That first paragraph is perhaps the most appropriate example of my dilemma. Absent-minded musings about “hunting” and “poetry” and “foxes,” disgusting. I’ve been scouring the internet for some time now and much to my chagrin, most of the articles and remedies for writer’s block are written with an aura of thin detachment like the authors, between bouts of writer’s block, have already forgotten what it was like. So I thought to myself “Hey Benny, you write. You’re a writer. You write. You should write about writer’s block but not after you’ve overcome it, while you’re still in its grip,” as a catalog of sorts for future study. Genius. What my writing has been lacking for some time now is any sense of urgency and forward motion. I might enjoy individual sentences within that first paragraph, but altogether it doesn’t really get the reader anywhere, not to me at least.

It’s easy to chalk up this lack of focus to the quarantine and not my approach to writing but that notion is the opposite of comforting. The idea that writer’s block could swing in like a train (wait a sec); the idea that writer’s block could snuggle (nope); the idea that writer’s block could suddenly creep up on me like some sort of lizard-bug (time to move on) has the power to stick with me and keep me doubting any future success I have in writing. I refuse to live the rest of my life looking over my shoulder, wondering when I’ll suddenly be unable to write again. So ok, forward motion. What have I been doing to counteract this writing lethargy?

When I have writer’s block, it does not mean I am lacking in some kind of nebulous creative energy or divine writer’s karma, just lacking the ability to string that creative energy together in the moment. So I’ve been training myself to pounce on any remotely interesting thoughts I have and let them stew for a while in my notes app instead of immediately trying to jam them into a poem and forgetting them. Perhaps this is why I used the word “hunting” in the title. One part of me has hidden the poems, and they do not want to be found, and the other part of me is seeking them out. Eventually, I discover my poems in bits and pieces. Coaxing them off the street and into my notes app. Here are my notes after a short walk through my neighborhood:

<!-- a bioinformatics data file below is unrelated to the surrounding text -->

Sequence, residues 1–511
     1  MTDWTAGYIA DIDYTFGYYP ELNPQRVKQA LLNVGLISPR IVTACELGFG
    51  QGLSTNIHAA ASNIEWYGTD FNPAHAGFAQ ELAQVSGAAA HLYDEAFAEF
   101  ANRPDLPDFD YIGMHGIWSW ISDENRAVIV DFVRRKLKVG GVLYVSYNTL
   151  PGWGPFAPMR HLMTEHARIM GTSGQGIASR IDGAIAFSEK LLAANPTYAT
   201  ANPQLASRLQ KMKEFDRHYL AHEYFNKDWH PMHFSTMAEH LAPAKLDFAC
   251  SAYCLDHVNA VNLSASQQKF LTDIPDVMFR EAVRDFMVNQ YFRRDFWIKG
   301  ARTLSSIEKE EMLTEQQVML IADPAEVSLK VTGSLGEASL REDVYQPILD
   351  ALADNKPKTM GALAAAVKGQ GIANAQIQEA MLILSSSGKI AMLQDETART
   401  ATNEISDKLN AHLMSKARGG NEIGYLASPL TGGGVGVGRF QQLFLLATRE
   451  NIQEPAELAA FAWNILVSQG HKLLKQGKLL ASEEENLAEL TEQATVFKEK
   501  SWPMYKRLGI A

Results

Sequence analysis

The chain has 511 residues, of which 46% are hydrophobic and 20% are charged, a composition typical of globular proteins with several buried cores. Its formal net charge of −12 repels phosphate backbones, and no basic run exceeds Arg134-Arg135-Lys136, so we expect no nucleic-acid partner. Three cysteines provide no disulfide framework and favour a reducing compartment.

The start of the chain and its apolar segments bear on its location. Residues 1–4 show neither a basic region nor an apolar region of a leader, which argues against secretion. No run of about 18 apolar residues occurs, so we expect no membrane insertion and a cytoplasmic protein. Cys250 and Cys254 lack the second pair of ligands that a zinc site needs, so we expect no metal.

• I want to hop that fence
  • Some days I only see the sun in windows and mirrors
  • A ball bouncing against the rim
  • Brake lights = very red
  • DUCK QUACK QUACK DUCK
  • Fireflies and embers
  • Yummy stew (I never said these were all good)

And here is the rough draft of a poem I wrote the following week:

Noriega

                       I crave a “hop the fence” kind of certainty 

I crave the truth                                 until it turns me brake light red 

And some days I only see the sun 

Through windows and mirrors.

And some days I only see the sun. 

                                                          And speaking of red, some days fireflies 

                                                                    And embers are the same     

And some days, 

across from the burger restaurant,

The old men congregate to smoke cigars beneath 

This week’s billboard for cannabis. 

      

                                                               I see them on my walk.

And speaking of the restaurant 

      See at the condo beside it 

   Standing above the houses, standing 

Or leaning   against the grey sea   

See the planter bursting with too much dirt, bursting

                                                                       And now I stroll towards the ocean.

Look, there are basketball courts 

Where the school was